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Geoff's DB DH60 Moth

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Dwain Dibley.21/01/2018 22:46:54
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Looking Good Geoff, I did the same with one leading edge.....lets blame the instructions Eh?? wink

D.D.

Geoff Sleath24/01/2018 11:39:06
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Yes, let's, Dwain I'll be studying your build for the servo mounting soon.

OK, nothing very interesting to report. The top wing is just about complete there's just a few reinforcing soft balsa bits to add to make sure the ribs are secure where they've been cut to accept the plywood dihedral braces and to the interplane strut mounts (don't want them to shift after the wing's covered).

One or two things I've found that might help other builders.

1: Rather than attack the completed wing or centre section after it's completed. I cut the ribs for the top wing centre section before building. My new scroll saw was very useful for that. I'm pretty clumsy with fragile soft balsa at the best of times and had to do a few repairs when my razor slipped cutting the wing ribs on the completed structure. I intend to cut the ribs for the braces before building the bottom wing.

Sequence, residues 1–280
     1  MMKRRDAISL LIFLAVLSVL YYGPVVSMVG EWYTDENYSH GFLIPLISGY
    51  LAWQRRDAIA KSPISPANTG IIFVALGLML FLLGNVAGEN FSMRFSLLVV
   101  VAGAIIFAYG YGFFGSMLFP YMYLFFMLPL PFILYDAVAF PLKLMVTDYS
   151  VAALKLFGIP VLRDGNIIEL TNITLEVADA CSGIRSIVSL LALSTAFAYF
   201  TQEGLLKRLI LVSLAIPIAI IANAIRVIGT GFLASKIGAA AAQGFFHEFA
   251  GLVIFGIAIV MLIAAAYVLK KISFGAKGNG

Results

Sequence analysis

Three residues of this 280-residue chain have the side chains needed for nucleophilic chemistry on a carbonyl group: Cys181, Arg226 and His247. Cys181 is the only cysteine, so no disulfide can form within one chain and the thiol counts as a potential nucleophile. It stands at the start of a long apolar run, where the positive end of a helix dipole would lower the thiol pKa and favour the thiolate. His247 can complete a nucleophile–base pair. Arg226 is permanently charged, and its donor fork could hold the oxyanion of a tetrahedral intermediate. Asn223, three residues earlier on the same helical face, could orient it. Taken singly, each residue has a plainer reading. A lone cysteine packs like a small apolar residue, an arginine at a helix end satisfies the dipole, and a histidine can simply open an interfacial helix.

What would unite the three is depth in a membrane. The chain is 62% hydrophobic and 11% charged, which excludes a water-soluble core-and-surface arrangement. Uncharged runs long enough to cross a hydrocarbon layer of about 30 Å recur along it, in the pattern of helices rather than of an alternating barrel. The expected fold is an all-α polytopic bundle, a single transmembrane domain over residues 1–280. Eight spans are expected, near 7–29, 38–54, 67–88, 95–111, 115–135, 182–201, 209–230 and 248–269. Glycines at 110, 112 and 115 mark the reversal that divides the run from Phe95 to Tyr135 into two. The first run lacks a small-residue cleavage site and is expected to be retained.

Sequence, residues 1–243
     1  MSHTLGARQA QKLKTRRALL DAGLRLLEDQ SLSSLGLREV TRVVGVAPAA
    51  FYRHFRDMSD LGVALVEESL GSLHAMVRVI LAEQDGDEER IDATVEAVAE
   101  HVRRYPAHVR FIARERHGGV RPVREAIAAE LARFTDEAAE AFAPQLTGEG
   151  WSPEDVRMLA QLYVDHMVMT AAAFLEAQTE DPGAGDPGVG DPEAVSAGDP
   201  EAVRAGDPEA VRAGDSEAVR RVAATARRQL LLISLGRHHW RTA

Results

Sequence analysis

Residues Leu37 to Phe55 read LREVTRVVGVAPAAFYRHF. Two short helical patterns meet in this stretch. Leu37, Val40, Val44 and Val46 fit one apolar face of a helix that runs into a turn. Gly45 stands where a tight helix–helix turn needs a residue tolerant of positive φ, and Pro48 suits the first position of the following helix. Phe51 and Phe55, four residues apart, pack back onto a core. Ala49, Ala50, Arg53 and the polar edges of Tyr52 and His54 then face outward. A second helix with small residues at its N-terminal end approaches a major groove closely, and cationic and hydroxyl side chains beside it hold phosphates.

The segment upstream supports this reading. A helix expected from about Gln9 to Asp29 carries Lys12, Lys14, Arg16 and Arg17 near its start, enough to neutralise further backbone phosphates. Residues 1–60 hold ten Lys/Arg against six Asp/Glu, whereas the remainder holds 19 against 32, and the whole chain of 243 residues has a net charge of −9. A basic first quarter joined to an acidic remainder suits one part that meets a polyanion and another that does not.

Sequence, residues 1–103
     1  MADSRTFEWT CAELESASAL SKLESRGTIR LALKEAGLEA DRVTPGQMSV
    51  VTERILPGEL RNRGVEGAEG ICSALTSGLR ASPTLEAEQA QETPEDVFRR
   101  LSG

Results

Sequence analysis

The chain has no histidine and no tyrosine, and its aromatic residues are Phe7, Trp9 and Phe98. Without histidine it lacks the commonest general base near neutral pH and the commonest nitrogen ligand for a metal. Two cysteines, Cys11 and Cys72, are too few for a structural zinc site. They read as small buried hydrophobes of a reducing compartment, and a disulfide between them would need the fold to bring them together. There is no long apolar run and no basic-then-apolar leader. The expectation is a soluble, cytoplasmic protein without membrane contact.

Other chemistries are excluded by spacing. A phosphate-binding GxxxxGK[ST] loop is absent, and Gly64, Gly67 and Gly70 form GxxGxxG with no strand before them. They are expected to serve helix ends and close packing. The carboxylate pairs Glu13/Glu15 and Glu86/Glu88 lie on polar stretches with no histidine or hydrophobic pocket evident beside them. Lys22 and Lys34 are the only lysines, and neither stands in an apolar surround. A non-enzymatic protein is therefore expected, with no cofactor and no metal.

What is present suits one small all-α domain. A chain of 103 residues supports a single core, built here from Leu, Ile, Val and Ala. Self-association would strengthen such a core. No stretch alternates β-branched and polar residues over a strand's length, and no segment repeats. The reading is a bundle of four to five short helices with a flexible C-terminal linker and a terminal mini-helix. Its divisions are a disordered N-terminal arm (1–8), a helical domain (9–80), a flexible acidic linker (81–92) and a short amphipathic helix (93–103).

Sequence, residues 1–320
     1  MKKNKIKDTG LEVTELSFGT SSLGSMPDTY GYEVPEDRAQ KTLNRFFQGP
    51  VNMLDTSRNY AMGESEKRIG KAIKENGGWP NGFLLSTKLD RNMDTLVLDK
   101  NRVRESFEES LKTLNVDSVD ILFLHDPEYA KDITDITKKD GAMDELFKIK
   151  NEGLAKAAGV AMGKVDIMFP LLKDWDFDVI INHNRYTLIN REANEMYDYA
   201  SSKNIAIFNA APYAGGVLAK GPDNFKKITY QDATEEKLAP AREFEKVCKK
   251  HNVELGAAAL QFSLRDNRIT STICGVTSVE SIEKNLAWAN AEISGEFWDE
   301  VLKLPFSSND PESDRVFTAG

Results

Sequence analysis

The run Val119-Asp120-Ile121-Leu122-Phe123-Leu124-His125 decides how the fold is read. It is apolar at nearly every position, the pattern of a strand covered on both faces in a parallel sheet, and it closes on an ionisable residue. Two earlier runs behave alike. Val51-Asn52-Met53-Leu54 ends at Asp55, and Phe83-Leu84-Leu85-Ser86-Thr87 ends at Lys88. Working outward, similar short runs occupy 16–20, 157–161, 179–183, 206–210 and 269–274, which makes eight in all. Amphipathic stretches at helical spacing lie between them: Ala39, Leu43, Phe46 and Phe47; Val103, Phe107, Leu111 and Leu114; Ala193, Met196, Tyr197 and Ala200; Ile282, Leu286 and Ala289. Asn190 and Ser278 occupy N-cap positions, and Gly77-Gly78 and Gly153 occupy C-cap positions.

2. I drilled the holes for the top wing fixing bolts in the centre section before attaching the wings in my pillar drill to make sure they were vertical. Despite that, on of them was about 1mm out. I hadn't been super careful to get them exactly as the drawing because I assumed I'd be drilling through them into the mount to fix the T nuts! Wrong! The holes for the T nuts are already burnt into the platform so I should have used that as jig. Not too difficult to bodge but I'd rather not have done it.